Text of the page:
It’s time for the battle of Los Angeles. No, not the classic Rage Against the Machine album, and certainly not the rumored WWII attack that never happened. This Sunday the Los Angeles Chargers head about 20 minutes north to face the Los Angeles Rams at L.A. Memorial Coliseum. The teams’ first meeting since each returned to La-La Land might just be the most anticipated matchup of Week 3.
A popular pre-season sleeper pick, the Chargers seem to finally have all the offensive weapons for Philip Rivers to win. Keenan Allen is among the NFL’s top receivers; Tyrell Williams is a serious downfield threat; and Melvin Gordon and Austin Ekeler can both get it done out of the backfield. Last season’s top passing offense has had no problem gaining yards and putting up points so far. Rivers threw for 424 yards and 3 touchdowns in their Week 1 loss to the Kansas City Chiefs, and those numbers might have been higher without the drops. He added another 256 yards and 3 TDs in their Week 2 win over the Buffalo Bills.
But, after two games, it’s hard to know quite yet where this Chargers team is heading. Rivers has been sublime so far, albeit against two of the NFL’s worst defenses. On the other side of the ball, the Chargers defense couldn’t contain Chiefs’ rookie sensation, Patrick Mahomes, who torched them for four touchdowns. Two of those went to Tyreek Hill, who also had 169 yards receiving and a punt return for yet another touchdown. Bills rookie Josh Allen put up another 245 yards, much of it in a second half that included two nice drives. The Chargers were sitting on lead at this point, but still were outplayed for half the game.
The Chiefs are among the NFL’s best teams, at least on offense, and improving, while the Bills might be the League’s worst, and heading south. So where does that put the Chargers? This week’s game with the Rams should shed some light on the situation.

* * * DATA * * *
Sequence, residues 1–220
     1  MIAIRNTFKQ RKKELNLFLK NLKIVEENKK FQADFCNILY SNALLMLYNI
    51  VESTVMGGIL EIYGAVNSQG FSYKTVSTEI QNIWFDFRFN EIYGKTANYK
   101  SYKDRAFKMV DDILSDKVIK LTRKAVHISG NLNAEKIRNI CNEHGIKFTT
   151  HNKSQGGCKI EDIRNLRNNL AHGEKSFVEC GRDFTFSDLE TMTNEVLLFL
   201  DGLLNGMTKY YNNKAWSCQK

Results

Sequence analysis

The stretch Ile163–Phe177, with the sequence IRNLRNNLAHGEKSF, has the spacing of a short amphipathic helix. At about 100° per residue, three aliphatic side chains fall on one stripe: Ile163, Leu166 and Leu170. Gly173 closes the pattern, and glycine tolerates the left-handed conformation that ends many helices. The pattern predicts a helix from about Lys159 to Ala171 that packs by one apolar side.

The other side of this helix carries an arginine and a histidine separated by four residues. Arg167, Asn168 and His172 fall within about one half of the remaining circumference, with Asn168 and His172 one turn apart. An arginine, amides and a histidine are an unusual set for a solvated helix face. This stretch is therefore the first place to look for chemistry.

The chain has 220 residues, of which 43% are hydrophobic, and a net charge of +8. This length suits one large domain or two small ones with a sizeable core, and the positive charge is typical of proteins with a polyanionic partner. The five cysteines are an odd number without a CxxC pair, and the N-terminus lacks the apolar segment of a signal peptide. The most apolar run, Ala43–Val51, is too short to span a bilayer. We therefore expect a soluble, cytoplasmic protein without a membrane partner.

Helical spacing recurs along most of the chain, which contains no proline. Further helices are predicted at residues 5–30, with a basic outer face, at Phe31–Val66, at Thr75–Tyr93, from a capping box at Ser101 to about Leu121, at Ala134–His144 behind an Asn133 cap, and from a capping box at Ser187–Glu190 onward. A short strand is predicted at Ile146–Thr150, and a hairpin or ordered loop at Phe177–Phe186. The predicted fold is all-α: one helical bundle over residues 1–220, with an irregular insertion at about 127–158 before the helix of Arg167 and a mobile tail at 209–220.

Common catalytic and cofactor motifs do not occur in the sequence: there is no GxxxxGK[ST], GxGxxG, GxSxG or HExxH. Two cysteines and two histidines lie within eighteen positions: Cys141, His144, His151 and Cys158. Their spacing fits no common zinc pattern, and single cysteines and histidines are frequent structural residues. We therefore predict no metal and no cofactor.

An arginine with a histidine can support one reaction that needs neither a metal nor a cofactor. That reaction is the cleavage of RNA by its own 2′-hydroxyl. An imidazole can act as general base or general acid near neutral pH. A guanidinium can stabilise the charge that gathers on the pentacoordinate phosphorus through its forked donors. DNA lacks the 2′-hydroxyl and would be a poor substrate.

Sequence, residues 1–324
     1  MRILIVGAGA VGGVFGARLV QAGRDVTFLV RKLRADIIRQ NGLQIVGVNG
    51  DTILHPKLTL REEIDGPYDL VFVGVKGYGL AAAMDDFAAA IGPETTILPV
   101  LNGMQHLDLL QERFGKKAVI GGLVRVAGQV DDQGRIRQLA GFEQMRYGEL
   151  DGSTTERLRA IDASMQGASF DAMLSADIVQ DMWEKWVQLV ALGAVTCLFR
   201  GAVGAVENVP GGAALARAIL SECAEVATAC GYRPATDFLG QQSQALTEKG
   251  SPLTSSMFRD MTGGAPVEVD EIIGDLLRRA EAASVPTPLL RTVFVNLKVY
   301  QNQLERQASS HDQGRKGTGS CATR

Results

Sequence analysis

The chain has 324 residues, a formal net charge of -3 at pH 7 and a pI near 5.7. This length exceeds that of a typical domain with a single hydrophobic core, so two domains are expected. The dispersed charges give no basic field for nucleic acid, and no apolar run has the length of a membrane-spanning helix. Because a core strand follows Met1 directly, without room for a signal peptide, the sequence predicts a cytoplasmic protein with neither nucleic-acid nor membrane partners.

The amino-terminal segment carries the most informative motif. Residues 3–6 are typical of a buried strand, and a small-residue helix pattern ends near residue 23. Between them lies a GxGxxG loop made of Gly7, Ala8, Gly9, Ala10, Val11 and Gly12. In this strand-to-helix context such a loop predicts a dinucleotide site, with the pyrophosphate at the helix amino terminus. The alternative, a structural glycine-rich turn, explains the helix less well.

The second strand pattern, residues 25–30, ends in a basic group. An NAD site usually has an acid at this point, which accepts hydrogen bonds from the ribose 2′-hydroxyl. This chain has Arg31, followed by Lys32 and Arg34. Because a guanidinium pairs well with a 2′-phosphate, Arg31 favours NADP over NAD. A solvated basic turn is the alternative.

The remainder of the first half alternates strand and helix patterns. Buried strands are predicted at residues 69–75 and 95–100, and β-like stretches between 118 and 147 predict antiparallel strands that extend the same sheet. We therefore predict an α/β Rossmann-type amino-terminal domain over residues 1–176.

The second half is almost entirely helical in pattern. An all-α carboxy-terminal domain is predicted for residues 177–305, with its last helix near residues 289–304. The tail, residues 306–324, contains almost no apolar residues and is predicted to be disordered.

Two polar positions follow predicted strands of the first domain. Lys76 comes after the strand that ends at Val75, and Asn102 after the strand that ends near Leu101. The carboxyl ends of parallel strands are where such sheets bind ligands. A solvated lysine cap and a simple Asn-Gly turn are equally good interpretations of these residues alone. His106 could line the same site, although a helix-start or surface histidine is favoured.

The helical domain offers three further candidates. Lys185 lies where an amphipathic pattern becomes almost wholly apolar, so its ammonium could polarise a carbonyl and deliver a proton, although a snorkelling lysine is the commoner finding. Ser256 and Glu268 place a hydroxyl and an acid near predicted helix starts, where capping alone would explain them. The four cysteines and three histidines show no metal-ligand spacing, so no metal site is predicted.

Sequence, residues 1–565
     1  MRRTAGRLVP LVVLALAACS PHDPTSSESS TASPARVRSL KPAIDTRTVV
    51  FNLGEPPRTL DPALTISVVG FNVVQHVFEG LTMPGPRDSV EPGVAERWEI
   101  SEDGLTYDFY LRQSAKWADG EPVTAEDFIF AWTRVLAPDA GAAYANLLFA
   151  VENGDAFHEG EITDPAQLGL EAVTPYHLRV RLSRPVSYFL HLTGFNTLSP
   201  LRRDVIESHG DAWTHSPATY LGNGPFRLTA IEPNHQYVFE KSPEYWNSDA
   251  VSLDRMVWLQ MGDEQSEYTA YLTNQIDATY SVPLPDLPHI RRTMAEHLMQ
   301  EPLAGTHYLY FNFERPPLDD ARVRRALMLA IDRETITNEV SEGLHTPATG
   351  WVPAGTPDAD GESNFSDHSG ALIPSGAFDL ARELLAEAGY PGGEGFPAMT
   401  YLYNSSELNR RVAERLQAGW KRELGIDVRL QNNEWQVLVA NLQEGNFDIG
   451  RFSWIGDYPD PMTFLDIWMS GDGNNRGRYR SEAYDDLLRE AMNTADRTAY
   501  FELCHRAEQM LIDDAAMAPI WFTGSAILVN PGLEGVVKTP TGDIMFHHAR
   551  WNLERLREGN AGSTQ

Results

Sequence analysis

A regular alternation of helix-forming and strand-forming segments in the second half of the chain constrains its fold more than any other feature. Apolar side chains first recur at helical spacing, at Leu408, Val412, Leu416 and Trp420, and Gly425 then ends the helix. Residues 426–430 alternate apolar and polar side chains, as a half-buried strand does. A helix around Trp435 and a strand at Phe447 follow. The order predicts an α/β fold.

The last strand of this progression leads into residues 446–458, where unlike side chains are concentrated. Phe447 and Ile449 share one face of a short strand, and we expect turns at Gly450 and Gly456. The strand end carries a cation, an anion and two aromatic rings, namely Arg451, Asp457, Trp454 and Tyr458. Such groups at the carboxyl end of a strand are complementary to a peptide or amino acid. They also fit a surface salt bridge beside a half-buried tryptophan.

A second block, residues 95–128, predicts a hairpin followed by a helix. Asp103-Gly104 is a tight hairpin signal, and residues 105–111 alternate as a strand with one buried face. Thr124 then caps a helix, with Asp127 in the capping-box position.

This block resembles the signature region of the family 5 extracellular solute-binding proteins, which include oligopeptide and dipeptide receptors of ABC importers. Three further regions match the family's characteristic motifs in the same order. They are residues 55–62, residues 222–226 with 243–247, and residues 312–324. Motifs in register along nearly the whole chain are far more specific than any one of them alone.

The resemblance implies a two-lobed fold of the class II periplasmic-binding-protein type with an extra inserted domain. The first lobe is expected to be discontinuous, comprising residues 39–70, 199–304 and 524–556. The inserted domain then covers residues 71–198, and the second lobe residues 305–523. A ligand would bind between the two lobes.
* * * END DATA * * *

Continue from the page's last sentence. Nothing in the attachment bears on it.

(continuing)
The Rams have been stellar so far, controlling the Oakland Raiders in Week 1 and shutting out the Arizona Cardinals in Week 2. While neither of those teams have won a game yet this season, the Rams’ wins were convincing. Good teams put away bad teams, and that’s what the Rams did.
Jared Goff has done a stellar job keeping the Rams’ high-powered offense moving, spreading the ball around and putting points on the board. Four different players have at least 5 receptions so far, with Brandin Cooks hauling in 12 for a whopping 246 yards. Todd Gurley remains the team’s workhorse, gaining 150 yards on 39 carries, with 3 TDs, and picking up 70 yards on 6 catches, with another TD.
The Rams have been almost as impressive on defense, allowing just one touchdown so far. Their defensive line controlled the line of scrimmage in both games; DT Aaron Donald practically lived in the Cardinals’ backfield. Their secondary allowed Derek Carr to throw for 303 yards, but picked him off three times. They held Sam Bradford to just 90 yards. Neither opponent had a rusher exceed 50 yards.
The Chargers-Rams matchup Sunday will probably come down to defense. This isn’t to suggest a defensive battle is in the offing; both teams will put up some points. But which team’s defense can slow down the other’s offense enough to gain an advantage?
The nod goes to the Rams, as Aaron Donald, Ndamukong Suh and their formidable D-Line lines up across from a Chargers O-Line that’s been a little suspect so far. Flipping things around, the Chargers will continue to miss DE Joey Bosa, who’s already been ruled out for Week 3.
The Rams should win, but will they cover? As SportsLine analyst Mike Tierney sees it:
This intra-city tussle offers a potential Super Bowl preview. Anytime the underdog in such a scenario is spotted a full touchdown, the opportunity to seize it cannot be passed up. The Chargers would be 2-0 if not for a slew of dropped passes in the opener against Kansas City. They could have bounced Buffalo by a wider margin but lost interest with a healthy lead. QB Philip Rivers has been Brady-like in his twilight years. Keep in mind that, while the Chargers are the visitors, they need not board a plane — or even a bus — for the commute.